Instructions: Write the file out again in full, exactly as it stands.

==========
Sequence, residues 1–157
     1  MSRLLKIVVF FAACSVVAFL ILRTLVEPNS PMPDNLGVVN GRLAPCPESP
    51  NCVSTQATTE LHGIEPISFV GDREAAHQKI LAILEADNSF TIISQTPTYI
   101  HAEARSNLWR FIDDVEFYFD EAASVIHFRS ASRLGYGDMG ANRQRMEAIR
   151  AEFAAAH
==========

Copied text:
Sequence, residues 1–157
     1  MSRLLKIVVF FAACSVVAFL ILRTLVEPNS PMPDNLGVVN GRLAPCPESP
    51  NCVSTQATTE LHGIEPISFV GDREAAHQKI LAILEADNSF TIISQTPTYI
   101  HAEARSNLWR FIDDVEFYFD EAASVIHFRS ASRLGYGDMG ANRQRMEAIR
   151  AEFAAAH